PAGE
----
We’ve really missed blogging, so we’re excited to embark on a new four-part (for now) series on Why Do Hard Things? — an important question that we’ve thought about a lot lately. Let us know your thoughts!
We’ve all heard people say that God wants us “on fire” for Him. Maybe your youth pastor has talked about being “sold out” for Jesus or a conference speaker has challenged you to serve God with “total abandon.”
We’re used to that kind of talk. It’s almost cliché.
But has anyone ever told you that God commands you to do hard things? For some reason that sounds more extreme. Being “on fire” or “sold out” for God sound like positive emotional states where nothing can really get to us. Even serving God with “total abandon” doesn’t make us feel uncomfortable as long as we leave it general and vague. But “do hard things” sounds so — well, hard.
We don’t like hard things in our society, especially as teens under the influence of the Myth of Adolescence. We avoid hard things as much as possible. Unfortunately (or should we say, fortunately), there’s no avoiding them in the Bible.
Hard Things in the Bible
All of God’s commands in Scripture are hard. Of course, our tendency is to just say that God’s commands aren’t “easy” or that it’s only by His grace that we can obey any of them — and both of those statements are 100 percent true — but why can’t we ever come out and say that God’s commands are hard? When Christ commands us to love our enemies, why can’t we just call it what it is?
Everything God commands is hard. Repenting is hard. Forgiving is hard. Turning the other cheek is hard. Overcoming sin in our lives is hard. Honoring our parents is hard. Sharing the gospel is hard. Reading our Bibles is hard. We could go on.
Part of our hesitation to call things hard can be that we’re afraid to come across as unspiritual. After all, if we’re truly “on fire” for Jesus, shouldn’t it be easy for us to read our Bibles every day, say no to sin, and share the gospel with others?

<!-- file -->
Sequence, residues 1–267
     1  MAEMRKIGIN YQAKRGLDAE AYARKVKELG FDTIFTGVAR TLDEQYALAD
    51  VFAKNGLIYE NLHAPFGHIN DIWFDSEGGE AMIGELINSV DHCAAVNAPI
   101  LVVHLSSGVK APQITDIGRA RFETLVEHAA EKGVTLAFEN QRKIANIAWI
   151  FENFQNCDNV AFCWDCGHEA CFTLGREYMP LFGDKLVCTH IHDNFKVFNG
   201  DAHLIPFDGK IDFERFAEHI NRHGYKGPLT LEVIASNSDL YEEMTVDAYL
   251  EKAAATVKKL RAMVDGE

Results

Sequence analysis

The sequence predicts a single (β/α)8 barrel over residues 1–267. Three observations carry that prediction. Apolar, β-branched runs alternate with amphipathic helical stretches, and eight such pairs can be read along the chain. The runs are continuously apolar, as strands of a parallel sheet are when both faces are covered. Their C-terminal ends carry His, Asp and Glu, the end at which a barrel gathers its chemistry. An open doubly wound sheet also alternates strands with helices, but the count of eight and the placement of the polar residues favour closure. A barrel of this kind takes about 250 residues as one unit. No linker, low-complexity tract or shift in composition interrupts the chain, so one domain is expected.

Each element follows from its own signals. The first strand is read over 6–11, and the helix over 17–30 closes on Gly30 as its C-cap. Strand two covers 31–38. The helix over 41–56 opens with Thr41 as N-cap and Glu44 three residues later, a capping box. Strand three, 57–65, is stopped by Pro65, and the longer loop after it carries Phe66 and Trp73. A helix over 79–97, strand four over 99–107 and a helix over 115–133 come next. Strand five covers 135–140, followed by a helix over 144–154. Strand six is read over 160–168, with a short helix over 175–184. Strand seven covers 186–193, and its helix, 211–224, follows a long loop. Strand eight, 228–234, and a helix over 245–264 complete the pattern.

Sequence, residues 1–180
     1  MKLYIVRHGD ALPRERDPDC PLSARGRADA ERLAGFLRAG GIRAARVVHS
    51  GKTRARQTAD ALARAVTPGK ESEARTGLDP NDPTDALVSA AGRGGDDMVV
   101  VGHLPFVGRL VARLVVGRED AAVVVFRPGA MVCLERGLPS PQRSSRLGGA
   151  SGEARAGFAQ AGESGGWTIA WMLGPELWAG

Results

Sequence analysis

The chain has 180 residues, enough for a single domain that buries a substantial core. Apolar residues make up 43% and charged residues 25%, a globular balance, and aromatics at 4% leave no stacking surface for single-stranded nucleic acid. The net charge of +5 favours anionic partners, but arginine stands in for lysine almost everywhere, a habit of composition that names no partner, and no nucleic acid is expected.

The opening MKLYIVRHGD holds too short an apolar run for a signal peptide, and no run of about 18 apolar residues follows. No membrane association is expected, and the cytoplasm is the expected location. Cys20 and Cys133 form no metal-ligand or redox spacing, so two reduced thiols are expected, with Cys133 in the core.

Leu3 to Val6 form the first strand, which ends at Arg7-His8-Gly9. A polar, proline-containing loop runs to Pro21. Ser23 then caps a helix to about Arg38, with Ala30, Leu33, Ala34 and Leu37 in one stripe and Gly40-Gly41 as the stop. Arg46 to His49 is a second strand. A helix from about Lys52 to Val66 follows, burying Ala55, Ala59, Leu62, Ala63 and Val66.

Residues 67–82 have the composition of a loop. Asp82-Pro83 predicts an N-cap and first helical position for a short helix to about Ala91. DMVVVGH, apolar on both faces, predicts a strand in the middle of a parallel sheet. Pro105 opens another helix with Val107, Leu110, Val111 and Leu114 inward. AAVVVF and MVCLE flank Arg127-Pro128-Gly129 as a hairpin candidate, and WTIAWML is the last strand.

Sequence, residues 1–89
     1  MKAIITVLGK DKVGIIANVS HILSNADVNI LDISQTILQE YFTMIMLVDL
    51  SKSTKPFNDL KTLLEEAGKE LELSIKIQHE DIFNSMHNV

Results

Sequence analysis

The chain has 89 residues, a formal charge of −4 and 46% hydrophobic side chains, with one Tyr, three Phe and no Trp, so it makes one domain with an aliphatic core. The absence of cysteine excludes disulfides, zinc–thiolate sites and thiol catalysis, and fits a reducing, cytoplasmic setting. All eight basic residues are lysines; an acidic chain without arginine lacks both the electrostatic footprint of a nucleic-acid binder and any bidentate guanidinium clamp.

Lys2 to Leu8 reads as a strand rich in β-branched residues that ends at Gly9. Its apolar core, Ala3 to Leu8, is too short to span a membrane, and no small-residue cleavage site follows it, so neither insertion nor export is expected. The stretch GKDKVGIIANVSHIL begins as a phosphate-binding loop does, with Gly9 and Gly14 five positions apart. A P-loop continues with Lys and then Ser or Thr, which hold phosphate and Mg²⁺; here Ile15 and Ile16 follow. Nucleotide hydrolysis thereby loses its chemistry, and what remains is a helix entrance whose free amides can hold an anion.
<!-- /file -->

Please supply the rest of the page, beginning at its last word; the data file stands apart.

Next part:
But when we think that way we’re missing something huge that God wants to teach us about personal growth — and that’s what we want to talk about in this post.
The Way We Grow
In James 1:2, we’re told to consider it “pure joy” when we’re faced with challenges, trials, and obstacles, because they test our faith and makes us stronger. Think about that. The God who created you and loves you cares about your growth — and the way He has designed you to grow is through challenges.
It’s just like the way your muscles grow stronger when you work out and the way your brain grows new neurons when it is challenged. You grow stronger, in both character and competence, when you do hard things.
In order to do hard things we need to get over the idea that God’s love means He wants us to go through life with as little effort or discomfort as possible. This is similar to the mistaken notion that we don’t need to change because God loves us just the way we are. God does love us just the way we are, but He also loves us too much to leave us the way we are. He wants us to grow.
Of course, none of this is to say that God wants us to live joyless and pain-filled lives, but it’s a joy that’s rooted in more than our temporary circumstances, and at times pain is necessary in order to gain something of greater value.
A Radical Argument
The Rebelution makes what sounds like a radical argument. It’s not just saying that hard things happen and that you can benefit from them. It’s not even just saying that you have the ability to do hard things. It’s telling you that you should do hard things because it’s the best and only way to experience true growth in your life.
Can you think of any period of growth in your life (as a Christian, student, athlete, musician, etc…) that didn’t involve effort and even some level of discomfort? The truth is that all growth involves discomfort. Think of growing pains.
These are not a new ideas. We’re don’t want to reinvent truth. But we do want our generation rediscover what has always been true — and one thing that has always been true is that in order to grow we must do hard things. We must challenge and stretch ourselves, step outside our comfort zones and do something difficult. It’s how we’ve grown before, and it’s the only way we’ll grow for the rest of our lives.
So why is it so hard to do hard things? If God commands us to do hard things and tells us that it’s how we grow, how can we refuse? The answer is that there is another player in this battle over our lives. We’ll look at that in Part Two.